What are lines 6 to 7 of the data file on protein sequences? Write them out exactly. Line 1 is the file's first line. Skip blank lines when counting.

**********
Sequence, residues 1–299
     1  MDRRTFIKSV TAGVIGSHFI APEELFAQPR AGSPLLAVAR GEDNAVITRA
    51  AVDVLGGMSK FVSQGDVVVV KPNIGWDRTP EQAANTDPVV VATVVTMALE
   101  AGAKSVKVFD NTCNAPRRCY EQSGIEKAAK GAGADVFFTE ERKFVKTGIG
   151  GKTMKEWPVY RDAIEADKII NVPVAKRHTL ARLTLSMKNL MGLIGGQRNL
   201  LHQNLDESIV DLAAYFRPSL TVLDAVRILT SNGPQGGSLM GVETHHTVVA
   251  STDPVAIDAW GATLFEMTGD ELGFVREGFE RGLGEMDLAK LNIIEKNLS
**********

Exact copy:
   201  LHQNLDESIV DLAAYFRPSL TVLDAVRILT SNGPQGGSLM GVETHHTVVA
   251  STDPVAIDAW GATLFEMTGD ELGFVREGFE RGLGEMDLAK LNIIEKNLS